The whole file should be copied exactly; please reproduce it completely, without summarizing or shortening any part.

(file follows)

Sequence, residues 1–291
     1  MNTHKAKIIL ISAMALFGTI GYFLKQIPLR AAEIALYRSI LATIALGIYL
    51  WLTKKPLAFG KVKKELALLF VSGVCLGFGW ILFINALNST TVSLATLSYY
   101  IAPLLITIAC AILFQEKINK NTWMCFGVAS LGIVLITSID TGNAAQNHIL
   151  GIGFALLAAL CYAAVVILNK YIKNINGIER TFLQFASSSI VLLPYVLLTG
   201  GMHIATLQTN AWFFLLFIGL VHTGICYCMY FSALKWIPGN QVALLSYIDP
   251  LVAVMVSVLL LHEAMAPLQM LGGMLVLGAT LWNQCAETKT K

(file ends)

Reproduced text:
Sequence, residues 1–291
     1  MNTHKAKIIL ISAMALFGTI GYFLKQIPLR AAEIALYRSI LATIALGIYL
    51  WLTKKPLAFG KVKKELALLF VSGVCLGFGW ILFINALNST TVSLATLSYY
   101  IAPLLITIAC AILFQEKINK NTWMCFGVAS LGIVLITSID TGNAAQNHIL
   151  GIGFALLAAL CYAAVVILNK YIKNINGIER TFLQFASSSI VLLPYVLLTG
   201  GMHIATLQTN AWFFLLFIGL VHTGICYCMY FSALKWIPGN QVALLSYIDP
   251  LVAVMVSVLL LHEAMAPLQM LGGMLVLGAT LWNQCAETKT K